Arts Review: A Super Happy Story (About Feeling Super Sad)

Content Warning: the following article deals with topics covering mental health, depression and suicide.



Dir. Alex Mitchell, Tron Theatre, 25-27/10/18

What does it mean to be depressed? How does it impact a person’s life? Why are they depressed?

Despite the fact that the cabaret musical about depression, A Super Happy Story (About Feeling Super Sad), is humorous, it does not try to simplify depression to something explicable.  In five chapters the play tells Sally’s journey with depression at different stages of her life. From a happy childhood, to trying to pretend that she does not feel a darkness within her. Then her struggle to understand why she is not enjoying things she used to love, her depression taking over her life, and finally Sally accepting help, actively seeking out joys and making a friend. Only to have depression attack her again, and so hard that she drives everyone away and attempts suicide.

The cast of three interacted with the audience throughout the play, creating a sense of intimacy and making it easy to relate to and understand Sally’s story. The stage was on the ground level, with the rows of chairs for the audience rising to one side. As the audience was filing in, the main actress Madeleine MacMahon was talking to the audience very quickly, seemingly without making usage of punctuation, her voice riding over well-known pop tunes. In fact, I made use of her audience interaction to ask whether I had time to go and fill up my water bottle, to which she loudly asked the entire audience if someone had some spare water for me.

Depression was conveyed simply yet with impact, whilst still bringing across the complexity of it. For example, the first time depression hit Sally was in a club, depicted by the two other actors creating a background of dancers with their backs to the audience. While excitedly taking a selfie with friends, how the depression hits Sally is shown by the actors suddenly moving in slow motion, while the main actress spoke quickly, describing what was happening. The separation of her body being in the present-tense of the plot while her voice was on the meta level, directly communicating to the audience effectively expressed how much the depression ripped Sally out of her life. Later in the play, at a time when the depression shaped most of Sally’s actions, she was wearing a black dog onesie, visually depicting the darkness that consumes her, and dehumanizing her, as she no longer was who the audience had known Sally to be. For instance, Sally loved music with an overpowering passion. In a time where nothing seemed to be going right the other actors casually threw about all the CDs that Sally owned, and when MacMahon was describing how Sally had started to actively make improvements in her life, she was simultaneously stacking the CDs into neat piles again.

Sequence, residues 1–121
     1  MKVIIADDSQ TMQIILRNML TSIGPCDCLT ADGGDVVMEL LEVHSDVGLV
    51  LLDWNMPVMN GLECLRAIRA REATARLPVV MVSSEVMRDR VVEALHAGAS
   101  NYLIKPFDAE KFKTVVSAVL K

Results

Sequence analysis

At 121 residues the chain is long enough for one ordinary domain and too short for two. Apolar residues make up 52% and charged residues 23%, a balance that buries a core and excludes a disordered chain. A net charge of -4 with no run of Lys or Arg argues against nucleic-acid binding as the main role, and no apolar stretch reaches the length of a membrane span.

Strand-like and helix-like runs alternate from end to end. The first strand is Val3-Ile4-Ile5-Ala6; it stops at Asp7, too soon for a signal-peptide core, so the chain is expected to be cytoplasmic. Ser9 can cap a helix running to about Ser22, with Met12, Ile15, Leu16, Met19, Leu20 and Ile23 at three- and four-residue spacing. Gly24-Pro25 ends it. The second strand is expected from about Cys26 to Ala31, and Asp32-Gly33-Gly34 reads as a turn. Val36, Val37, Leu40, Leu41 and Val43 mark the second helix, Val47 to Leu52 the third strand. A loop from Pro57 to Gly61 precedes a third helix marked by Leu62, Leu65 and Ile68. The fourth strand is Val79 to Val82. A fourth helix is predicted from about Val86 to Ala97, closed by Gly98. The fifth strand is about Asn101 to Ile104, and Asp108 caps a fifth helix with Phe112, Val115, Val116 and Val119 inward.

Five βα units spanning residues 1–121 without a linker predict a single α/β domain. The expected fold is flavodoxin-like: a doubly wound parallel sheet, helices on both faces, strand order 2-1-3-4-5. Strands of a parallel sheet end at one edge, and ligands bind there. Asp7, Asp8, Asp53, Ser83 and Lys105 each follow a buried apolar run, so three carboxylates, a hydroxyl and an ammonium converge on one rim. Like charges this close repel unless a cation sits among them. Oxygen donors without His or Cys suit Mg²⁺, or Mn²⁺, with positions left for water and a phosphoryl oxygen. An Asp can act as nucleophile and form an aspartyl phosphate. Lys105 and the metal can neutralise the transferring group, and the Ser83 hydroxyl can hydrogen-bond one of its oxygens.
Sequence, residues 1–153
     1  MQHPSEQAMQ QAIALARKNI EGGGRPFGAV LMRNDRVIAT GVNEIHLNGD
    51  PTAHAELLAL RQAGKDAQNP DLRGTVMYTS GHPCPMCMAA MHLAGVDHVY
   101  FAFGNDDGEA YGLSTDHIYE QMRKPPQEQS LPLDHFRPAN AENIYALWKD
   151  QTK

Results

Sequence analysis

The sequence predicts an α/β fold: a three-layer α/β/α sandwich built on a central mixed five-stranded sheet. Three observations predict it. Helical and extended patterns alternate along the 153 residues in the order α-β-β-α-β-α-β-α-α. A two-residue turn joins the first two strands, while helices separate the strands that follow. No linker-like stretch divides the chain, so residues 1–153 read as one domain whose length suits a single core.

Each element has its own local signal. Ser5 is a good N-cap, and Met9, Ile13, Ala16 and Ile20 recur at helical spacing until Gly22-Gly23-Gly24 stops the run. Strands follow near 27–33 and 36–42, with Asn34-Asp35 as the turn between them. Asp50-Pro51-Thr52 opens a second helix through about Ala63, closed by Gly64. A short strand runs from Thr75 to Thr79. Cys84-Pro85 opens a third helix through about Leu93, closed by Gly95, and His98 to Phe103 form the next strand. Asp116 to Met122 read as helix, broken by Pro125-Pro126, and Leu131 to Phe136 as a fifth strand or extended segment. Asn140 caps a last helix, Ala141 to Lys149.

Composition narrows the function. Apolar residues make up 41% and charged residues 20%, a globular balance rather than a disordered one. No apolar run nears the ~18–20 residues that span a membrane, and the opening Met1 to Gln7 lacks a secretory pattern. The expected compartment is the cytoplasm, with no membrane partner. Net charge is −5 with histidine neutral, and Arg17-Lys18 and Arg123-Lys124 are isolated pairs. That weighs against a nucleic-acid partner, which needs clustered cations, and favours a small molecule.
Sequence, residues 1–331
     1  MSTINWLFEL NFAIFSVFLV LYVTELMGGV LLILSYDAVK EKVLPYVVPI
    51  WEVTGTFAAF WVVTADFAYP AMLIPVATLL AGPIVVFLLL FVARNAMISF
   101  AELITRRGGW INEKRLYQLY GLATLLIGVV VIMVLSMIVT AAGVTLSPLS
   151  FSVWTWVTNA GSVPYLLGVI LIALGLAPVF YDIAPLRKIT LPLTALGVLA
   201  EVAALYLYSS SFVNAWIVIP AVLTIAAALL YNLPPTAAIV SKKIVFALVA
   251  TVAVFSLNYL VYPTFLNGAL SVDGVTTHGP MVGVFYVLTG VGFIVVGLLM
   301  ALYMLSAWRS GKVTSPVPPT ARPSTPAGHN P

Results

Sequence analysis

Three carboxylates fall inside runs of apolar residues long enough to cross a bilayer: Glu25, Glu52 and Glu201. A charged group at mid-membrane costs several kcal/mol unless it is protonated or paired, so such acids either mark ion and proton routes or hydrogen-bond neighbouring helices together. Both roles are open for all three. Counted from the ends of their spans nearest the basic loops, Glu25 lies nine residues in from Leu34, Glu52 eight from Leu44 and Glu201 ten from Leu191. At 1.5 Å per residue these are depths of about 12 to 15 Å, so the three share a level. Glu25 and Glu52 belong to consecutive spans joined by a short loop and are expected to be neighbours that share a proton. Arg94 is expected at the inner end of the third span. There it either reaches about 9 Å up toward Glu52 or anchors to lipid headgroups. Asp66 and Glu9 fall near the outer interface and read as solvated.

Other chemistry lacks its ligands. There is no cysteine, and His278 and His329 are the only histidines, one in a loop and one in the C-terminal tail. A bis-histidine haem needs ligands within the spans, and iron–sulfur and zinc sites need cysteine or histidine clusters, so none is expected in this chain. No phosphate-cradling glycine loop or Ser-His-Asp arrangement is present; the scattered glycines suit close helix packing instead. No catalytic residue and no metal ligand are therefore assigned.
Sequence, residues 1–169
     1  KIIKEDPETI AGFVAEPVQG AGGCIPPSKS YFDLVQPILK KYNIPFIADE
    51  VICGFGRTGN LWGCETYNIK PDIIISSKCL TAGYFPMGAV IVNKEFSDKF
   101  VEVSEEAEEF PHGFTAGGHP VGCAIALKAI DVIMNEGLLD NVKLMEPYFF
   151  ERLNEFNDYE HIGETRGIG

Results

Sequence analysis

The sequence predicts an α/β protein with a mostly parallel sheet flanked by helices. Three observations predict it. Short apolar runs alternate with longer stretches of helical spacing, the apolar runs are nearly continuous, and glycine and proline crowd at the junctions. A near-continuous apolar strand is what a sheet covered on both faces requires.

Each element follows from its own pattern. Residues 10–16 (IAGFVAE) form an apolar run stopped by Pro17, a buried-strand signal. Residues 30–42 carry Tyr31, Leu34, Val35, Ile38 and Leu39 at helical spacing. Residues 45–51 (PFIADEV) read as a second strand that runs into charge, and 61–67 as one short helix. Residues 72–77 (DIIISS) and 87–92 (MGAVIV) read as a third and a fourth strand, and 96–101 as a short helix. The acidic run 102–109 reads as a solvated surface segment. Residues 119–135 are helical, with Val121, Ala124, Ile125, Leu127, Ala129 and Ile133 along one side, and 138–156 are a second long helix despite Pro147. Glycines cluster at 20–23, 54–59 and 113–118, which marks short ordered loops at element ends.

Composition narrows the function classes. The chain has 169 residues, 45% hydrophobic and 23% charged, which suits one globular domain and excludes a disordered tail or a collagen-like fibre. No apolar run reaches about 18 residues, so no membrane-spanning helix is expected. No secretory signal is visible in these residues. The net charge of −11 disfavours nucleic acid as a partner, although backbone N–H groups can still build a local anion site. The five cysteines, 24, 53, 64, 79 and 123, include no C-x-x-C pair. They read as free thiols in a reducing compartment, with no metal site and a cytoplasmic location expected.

Throughout the play, the actors were energetically, simply, yet very effectively depicting Sally’s struggle with depression. Deeply moved, I was crying during the standing ovation at the end. A Super Happy Story (About Feeling Super Sad) tells a story of a young woman dealing with depression and uses it to raise awareness about this complex and terrifying mental illness.

[Leilo Albrecht]


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